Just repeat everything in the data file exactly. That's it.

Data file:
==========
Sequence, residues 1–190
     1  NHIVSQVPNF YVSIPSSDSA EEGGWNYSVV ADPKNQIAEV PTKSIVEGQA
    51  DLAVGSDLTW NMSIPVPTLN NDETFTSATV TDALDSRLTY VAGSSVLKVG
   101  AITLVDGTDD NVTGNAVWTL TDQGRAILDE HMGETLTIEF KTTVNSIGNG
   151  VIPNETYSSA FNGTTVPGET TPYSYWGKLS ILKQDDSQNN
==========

Sequence, residues 1–190
     1  NHIVSQVPNF YVSIPSSDSA EEGGWNYSVV ADPKNQIAEV PTKSIVEGQA
    51  DLAVGSDLTW NMSIPVPTLN NDETFTSATV TDALDSRLTY VAGSSVLKVG
   101  AITLVDGTDD NVTGNAVWTL TDQGRAILDE HMGETLTIEF KTTVNSIGNG
   151  VIPNETYSSA FNGTTVPGET TPYSYWGKLS ILKQDDSQNN